Bed Bugs

Bed bugs (Cimex lectularius) are nuisance insects that feed on the blood of humans and other warm-blooded animals (including birds, rodents, bats and pets). Bed bugs are not exclusively nocturnal but are primarily active at night. Adult bed bugs are oval-shaped, smaller than an apple seed, wingless and reddish-brown in color. They are not known to transmit disease.

Where do bed bugs live?

Bed bugs hide during the day in dark, protected areas such as cracks and crevices, windows, door frames, mattresses, picture frames, loose wallpaper, baseboards. Bed bugs can not travel far but are transported by humans by latching on to luggage, clothing, bedding and furniture.

Likelihood of a bed bug infestation increases where there is a high rate of occupant turnover, such as in hotels, shelters, airplanes, trains, and apartments. Typically infestations are not a reflection of poor hygiene or housekeeping.

How do I know if I have bed bugs?

Evidence of bed bugs can be identified in several ways:

  • An infestation can be recognized by reddish or black stains on bedding, walls or furniture from fecal matter, crushed bugs, or from blood stains caused by feeding.
  • A sweet, musty odor may be present in a room with a severe infestation. This odor has also been described as “over-ripe raspberries.”
  • Physical symptoms include bites found on skin represented by irritation such as itchiness, inflammation and welts. If an allergic reaction occurs, see your health care provider. Remember that many insects can cause skin reactions that look similar to those caused by bed bugs.

What does this look like?

Who should I call to identify bed bugs?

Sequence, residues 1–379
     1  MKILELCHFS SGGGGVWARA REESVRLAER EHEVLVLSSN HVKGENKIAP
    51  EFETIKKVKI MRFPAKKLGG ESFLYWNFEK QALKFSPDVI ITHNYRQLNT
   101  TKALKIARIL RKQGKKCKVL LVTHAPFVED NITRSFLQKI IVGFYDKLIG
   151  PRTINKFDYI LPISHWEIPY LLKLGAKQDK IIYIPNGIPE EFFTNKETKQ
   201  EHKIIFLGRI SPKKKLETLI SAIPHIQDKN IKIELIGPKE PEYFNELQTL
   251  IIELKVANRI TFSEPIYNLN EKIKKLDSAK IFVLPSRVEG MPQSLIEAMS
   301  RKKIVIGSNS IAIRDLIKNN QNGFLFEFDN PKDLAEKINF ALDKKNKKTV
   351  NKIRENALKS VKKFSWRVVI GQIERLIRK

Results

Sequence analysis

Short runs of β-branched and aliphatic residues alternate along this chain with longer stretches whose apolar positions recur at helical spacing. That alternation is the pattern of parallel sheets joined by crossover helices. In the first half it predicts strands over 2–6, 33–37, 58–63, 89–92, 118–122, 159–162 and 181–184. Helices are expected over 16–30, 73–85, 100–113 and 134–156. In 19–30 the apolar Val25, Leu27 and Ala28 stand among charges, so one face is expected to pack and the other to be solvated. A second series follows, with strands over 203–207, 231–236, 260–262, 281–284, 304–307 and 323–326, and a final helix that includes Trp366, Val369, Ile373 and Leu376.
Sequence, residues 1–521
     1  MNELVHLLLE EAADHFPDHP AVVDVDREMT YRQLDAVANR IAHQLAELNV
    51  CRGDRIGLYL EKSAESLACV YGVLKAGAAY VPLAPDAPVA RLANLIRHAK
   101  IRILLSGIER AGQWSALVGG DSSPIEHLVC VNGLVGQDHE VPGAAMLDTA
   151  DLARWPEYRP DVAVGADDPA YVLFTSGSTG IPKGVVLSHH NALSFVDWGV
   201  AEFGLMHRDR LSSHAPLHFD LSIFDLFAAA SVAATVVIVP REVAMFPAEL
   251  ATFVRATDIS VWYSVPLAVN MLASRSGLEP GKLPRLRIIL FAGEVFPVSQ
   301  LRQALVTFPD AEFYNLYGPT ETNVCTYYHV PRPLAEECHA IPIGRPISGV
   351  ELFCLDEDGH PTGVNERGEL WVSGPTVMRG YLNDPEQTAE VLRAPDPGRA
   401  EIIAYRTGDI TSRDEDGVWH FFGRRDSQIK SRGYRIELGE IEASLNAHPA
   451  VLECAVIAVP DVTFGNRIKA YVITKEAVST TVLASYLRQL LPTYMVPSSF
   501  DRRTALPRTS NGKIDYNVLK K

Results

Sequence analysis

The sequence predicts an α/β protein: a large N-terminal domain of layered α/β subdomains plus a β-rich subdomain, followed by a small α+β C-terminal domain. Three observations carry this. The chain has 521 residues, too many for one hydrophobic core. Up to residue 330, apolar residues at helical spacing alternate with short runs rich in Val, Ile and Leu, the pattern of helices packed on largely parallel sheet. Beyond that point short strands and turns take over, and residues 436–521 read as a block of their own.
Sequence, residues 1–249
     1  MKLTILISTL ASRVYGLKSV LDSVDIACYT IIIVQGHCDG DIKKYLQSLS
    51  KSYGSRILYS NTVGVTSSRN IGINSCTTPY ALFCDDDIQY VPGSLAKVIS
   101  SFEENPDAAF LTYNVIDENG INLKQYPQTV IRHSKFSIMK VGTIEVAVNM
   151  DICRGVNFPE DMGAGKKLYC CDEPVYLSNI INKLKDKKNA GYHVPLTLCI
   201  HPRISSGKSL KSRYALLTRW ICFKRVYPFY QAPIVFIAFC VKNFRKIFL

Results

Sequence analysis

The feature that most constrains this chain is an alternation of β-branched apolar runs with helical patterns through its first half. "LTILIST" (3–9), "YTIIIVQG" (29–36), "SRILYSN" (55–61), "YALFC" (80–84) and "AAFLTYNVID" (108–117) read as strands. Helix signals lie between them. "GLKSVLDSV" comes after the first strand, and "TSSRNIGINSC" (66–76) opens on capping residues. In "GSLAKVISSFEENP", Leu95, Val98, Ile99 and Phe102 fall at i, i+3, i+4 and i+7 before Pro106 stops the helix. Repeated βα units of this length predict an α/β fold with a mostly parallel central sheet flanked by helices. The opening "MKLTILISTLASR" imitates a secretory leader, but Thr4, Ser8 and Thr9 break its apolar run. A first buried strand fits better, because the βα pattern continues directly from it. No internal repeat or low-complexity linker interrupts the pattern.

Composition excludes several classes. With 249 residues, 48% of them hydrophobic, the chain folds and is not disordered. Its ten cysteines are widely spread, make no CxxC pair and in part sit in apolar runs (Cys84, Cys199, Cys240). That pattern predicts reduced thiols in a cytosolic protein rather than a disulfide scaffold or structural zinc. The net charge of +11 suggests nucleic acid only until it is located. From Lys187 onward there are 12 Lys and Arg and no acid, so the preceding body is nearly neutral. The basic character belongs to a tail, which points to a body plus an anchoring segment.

Call the Multnomah County Bed Bug Hotline at 503-988-BUGS (2847) if you think you may have an infestation.

How do I control bed bugs?

Bed bug infestations can be controlled by following an integrated pest management approach. Integrated pest management uses multiple treatment methods and emphasizes minimal use of potentially harmful chemicals.

Prevention

  • Routinely inspect for and detect bed bugs.
  • Inspect traveler’s clothing and luggage; keep infested items out.
  • Seal exterior cracks and crevices, repair screens on doors and windows.
  • Reduce clutter in the home.
  • Use a bed bug-approved mattress cover.

VirginiaTech Universityhas a helpful guide for preventing bed bugs»

Sanitation

  • Launder bedding and clothing in hot water. You can also use a dryer on the highest heat setting the fabric will tolerate.
  • Frequently vacuum mattresses and premises; immediately seal vacuum bags and discard in an outdoor trash container.
  • Carefully scrub mattress seams and bed frames to remove bed bug adults and eggs.
  • Seal mattress or consider discarding mattresses in severe cases.

Insecticides

  • Insecticides can make people sick. Read more about using insecticides safely.
  • Select a licensed professional to apply insecticides for the control of bed bugs in all life stages (egg to adult). Read tips for selecting a pest professional.
  • Insecticides should only be applied according to the manufacturer’s instructions. Material Safety Data Sheets (MSDS) and other precaution information should be provided to you in advance.

For group quarters

  • Properly train staff on how to prevent and reduce bed bug infestations and communicate relevant information to residents.
  • Create a detailed procedure for staff and residents to follow if they feel they have been exposed to bed bugs.

See a sample protocol developed by North Carolina State University.

How should I handle an infestation if multiple persons could be exposed to bed bugs?

Immediately respond to potential bed bug complaints; keep an itemized list of actions that were taken to resolve the situation.

More Information

EPA Bed Bug Pesticide Information

University of Minnesota Bed Bug Information: